The courage of our region’s First World War heroes is being brought into sharp focus during this year’s 100th anniversary of the start of the devastating conflict that claimed over 37 million military and civilian lives.
Young men, women and families from our smallest communities, villages and towns suffered heartbreaking losses following Britain’s declaration of war against Germany on August 4, 1914.
The war unfolded after the assassination of the Austro-Hungarian Archduke Franz Ferdinand by a Serbian which led to Austria’s invasion of Serbia and Austrian ally Germany’s invasion of France and Belgium pulled Great Britain into the Great War.
Derbyshire communities were subsequently decimated by continuos losses as the war continued until the Armistice in the eleventh hour, of November 11, November 1918, when the war officially ended with Germany defeated.
Our war memorials still stand today as testament to our county’s courage and sacrifice and the names of the fallen will ring with pride more than ever this year as the Derbyshire Times and our readers reflect on the military and civilian losses in the battle for world peace.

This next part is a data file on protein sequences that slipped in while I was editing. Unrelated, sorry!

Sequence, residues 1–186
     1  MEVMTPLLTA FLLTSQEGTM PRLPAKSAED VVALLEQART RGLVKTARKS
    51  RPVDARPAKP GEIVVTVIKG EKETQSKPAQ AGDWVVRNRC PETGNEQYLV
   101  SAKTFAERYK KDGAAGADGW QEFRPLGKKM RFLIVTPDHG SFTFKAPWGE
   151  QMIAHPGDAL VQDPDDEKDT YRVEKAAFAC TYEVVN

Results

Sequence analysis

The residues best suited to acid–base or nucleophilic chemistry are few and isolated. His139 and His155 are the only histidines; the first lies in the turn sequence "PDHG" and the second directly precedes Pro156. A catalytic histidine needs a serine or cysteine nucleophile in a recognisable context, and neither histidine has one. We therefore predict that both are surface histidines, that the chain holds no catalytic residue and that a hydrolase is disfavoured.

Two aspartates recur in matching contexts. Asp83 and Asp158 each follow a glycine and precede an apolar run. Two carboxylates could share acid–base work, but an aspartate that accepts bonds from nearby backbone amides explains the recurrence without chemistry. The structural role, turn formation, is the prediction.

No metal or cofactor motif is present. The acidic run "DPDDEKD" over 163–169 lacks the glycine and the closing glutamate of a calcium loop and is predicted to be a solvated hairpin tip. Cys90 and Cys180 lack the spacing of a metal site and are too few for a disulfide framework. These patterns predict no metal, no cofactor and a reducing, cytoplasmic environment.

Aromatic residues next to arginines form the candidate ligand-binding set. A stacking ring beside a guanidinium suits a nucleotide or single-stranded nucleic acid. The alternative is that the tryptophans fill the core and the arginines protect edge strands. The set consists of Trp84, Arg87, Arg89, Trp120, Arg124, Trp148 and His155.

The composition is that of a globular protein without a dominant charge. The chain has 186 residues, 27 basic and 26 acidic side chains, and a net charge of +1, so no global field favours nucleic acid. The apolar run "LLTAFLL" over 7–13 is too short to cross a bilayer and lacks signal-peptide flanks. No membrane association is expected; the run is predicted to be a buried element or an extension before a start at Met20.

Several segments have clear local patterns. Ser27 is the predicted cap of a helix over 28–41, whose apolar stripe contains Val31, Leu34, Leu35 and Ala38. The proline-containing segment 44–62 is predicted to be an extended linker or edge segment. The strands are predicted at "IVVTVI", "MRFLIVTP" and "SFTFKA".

Those with proud family links, cherished artefacts and pictures are urged to recall and share their First World War stories and mementos with the Derbyshire Times’ coverage as we recognise the county’s endeavours during this brutal time.
Already, one kind reader has armed the DT with a fabulously compiled collection of newspaper cuttings and pictures of servicemen seriously injured, killed or missing in action as well as images from the frontline.
Among the fallen, the book’s news cuttings tell the tale of Sapper Daniel Davies, of the Tunnelling Section of the Royal Engineers, who gave his life for King and country. Sapper Davies, 30, a married father of three, from Orchard Terrace, Carr Vale, was killed by a grenade while in the trenches.
Navy Stoker Fred B Turner, 28, of Riber Terrace, Chesterfield, had been serving in the Hood Battalion of the 2nd Royal Navy Brigade, when was killed in action near the Dardanelles.
Bradwell man Lance Corporal H Rodgers, of the Battalion King’s Royal Rifle Corps, was also killed in action.
The Derbyshire Times also wants to hear about heroics on the homefront as many women turned their hands to industry, manufacturing, arms production and labouring.
Those with family links, stories, pictures and artefacts are urged to call Jon Cooper on 01246 504578 email firstname.lastname@example.org or write to the Derbyshire Times, Spire Walk, off Derby Road, Chesterfield S40 2WG